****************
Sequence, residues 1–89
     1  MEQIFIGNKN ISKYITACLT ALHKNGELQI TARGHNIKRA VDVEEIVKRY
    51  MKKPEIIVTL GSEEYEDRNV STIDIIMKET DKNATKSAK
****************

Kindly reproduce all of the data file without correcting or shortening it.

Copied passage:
Sequence, residues 1–89
     1  MEQIFIGNKN ISKYITACLT ALHKNGELQI TARGHNIKRA VDVEEIVKRY
    51  MKKPEIIVTL GSEEYEDRNV STIDIIMKET DKNATKSAK